TikTok’s stance on guns and gun-related content is clear: Do not post videos featuring firearms unless you’re in a “controlled environment.” Unfortunately, that policy isn’t enforced in any significant way. A quick look through its sprawling social network of short, goofy clips paints an alarmingly different picture — especially for a platform where one-third of the users are age 14 or under.
Videos that demonstrate the process of manufacturing ammunition at home, 3D-printing guns, crafting hiding places for illegal weapons, tours of personal arsenals, shooting heavy firearms outdoors, and more appear to run rampant on TikTok. In a cursory search, Digital Trends discovered dozens of such clips which clearly violated TikTok’s community guidelines and managed to accumulate, in several cases, over half a million views and hundreds of comments.
Most of these are not hard to find either. They’re filed under common hashtags like “#gun,” “#pewpew,” “#freedomseeds,” “#glock,” and more that have billions of views.
What’s more worrying is that the presence of firearm content has spawned subcultures and even fads inside TikTok. For many teens on TikTok, owning a gun and bragging about it in videos has become trendy.
In one video, a young woman can be seen romanticizing “anyone who wants to buy a gun when they turn 18.” “Just bought my first AK on my 18th bday,” comments a viewer. In another post titled “I’m almost 18,” a teen shows off his bulletproof vest and ammunition.
Fueling this soaring interest in firearm content is TikTok’s shockingly active community of weapon dealers and sellers, many of whom have found workarounds to TikTok’s restricted direct messaging facilities.
Since people can only privately chat on TikTok if they follow each other, some firearm businesses have begun to take orders through the comments section.
One such video reviewed by Digital Trends features a dealer showcasing his store’s most in-demand items and asking people to leave a comment for placing an order. TikTok took down the clip when we reported it, but by then, it already had amassed over 33,000 comments.
In a statement, TikTok told Digital Trends that it “prohibits the trade, sale, and promotion of weapons,” and removes “content and related accounts as they’re identified.”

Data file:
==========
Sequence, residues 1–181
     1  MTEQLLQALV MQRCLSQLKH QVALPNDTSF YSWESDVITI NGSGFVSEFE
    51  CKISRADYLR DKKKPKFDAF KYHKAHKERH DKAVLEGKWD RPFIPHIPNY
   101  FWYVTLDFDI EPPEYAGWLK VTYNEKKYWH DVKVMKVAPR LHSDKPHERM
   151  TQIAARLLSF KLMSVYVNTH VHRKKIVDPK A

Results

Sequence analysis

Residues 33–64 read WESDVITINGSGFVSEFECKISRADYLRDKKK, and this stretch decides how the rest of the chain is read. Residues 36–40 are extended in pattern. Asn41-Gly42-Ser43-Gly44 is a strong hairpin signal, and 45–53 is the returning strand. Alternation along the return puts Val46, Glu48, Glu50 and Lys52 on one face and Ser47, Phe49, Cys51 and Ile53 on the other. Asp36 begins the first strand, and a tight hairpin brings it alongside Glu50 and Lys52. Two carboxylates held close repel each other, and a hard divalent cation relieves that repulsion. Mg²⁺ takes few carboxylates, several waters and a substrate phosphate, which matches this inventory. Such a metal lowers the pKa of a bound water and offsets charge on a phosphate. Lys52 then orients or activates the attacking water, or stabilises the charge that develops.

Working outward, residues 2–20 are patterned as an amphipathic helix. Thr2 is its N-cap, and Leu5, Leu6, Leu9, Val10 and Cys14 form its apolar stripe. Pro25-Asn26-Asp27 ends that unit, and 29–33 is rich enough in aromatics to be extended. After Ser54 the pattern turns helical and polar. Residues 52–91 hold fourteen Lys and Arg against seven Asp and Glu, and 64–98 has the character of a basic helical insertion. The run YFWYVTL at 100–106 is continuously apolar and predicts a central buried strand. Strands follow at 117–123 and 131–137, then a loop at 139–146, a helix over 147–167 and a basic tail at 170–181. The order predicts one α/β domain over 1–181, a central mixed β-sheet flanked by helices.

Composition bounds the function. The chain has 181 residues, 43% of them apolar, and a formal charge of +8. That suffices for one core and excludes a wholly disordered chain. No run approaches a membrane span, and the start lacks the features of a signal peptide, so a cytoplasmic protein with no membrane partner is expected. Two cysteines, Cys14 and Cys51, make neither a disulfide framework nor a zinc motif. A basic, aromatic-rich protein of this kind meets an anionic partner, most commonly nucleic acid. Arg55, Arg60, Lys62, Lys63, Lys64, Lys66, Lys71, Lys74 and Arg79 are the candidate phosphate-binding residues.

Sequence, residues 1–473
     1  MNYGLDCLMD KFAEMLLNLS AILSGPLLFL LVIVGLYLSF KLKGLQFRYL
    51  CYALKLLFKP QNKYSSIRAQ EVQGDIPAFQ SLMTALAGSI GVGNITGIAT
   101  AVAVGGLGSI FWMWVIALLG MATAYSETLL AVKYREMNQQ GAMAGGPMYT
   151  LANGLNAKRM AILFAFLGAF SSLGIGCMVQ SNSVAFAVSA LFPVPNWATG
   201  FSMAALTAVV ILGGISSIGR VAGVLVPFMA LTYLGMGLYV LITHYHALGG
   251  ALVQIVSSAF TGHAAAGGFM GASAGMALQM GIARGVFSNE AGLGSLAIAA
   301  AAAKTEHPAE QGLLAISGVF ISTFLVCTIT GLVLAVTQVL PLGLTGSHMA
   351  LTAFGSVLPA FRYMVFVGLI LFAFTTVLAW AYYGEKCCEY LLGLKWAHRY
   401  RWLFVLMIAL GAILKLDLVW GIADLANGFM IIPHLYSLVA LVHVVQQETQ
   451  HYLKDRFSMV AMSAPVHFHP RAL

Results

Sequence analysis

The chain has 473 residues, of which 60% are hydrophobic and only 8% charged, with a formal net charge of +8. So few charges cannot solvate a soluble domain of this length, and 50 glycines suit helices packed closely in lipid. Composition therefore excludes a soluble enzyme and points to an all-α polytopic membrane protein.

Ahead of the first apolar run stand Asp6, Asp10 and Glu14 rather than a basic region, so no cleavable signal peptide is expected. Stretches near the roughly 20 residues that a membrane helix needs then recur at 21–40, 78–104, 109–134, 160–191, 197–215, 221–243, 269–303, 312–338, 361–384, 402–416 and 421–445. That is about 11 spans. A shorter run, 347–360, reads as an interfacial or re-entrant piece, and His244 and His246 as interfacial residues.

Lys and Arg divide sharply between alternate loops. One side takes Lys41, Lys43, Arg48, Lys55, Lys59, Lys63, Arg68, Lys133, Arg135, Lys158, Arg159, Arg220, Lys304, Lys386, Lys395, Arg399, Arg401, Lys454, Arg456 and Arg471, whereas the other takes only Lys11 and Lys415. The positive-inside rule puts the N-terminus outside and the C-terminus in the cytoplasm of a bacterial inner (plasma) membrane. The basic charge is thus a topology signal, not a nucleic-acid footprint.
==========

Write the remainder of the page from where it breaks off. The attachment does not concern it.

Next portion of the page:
“We further remove instructions on manufacturing weapons to help protect the safety of our community,” the spokesperson added.
It’s not a blanket ban, however, and that’s likely where it gets tricky for TikTok’s human moderators to decide which videos they can leave up.
TikTok allows content if it’s “part of a museum’s collection, carried by a police officer, in a military parade, or used in a safe and controlled environment such as a shooting range.” But what defines a shooting range? TikTok refused to expand on that, but in a follow-up email the spokesperson said that the decision “depends on the content” and shooting ranges are just one of many examples.
It’s easy to see how these loosely-defined policies can be exploited and circumvented to publish viral gun content. People have been able to post videos of themselves shooting in their backyards, abandoned fields, and more without any restrictions or warnings.
TikTok also has yet to impose any interaction limits on these videos, like how many other social networks do for violent or graphic footage.
Media Matters, a non-profit media watchdog, unearthed similar concerns and issues on TikTok. In its research, it discovered TikTok was hosting clips instructing users how to work a handgun conversion kit — which allows handguns to be fired from the shoulder like a rifle — and evade federal restrictions. The 2019 Dayton shooter employed such a workaround in the mass shooting that led to nine deaths.
“Since TikTok’s firearm policies appear to be vague and contradictory, consistent enforcement seems to be an impossible task,” Media Matters wrote in a blog post, “leaving sizable loopholes for accounts to skirt these restrictions.”
TikTok does now block a handful of hashtags that it believes only contain prohibited videos such as “#homemadepew” and “#homemadeguns.” But since it can’t shut off hashtags like “#gun,” which has more than 2 billion views, and often features harmless clips of gaming footage, this move has barely put a dent in curtailing firearm content.
The allure of viral firearm content has, however, had far graver consequences than TikTok could have anticipated.
In early 2020, an 18-year-old boy in India accidentally shot himself in the head while posing with a gun for a TikTok video. A few months ago, a 20-year-old Mexican woman was accidentally shot dead while filming a TikTok kidnapping prank. Actor LaKeith Stanfield recently posted a video of himself brandishing a gun at pictures of two men, one of whom was FBI informant William O’Neal.
TikTok has landed in trouble multiple times for mishandling children’s privacy, and it remains unclear whether it plans to impose stricter guidelines against firearm content. Since its endless feed of videos relies more on algorithms than who you follow, it also runs the risk of inadvertently promoting problematic clips on its home page — as happened when a gruesome suicide video went viral last year.
People are dying. It is time for TikTok to address its gun control problem.
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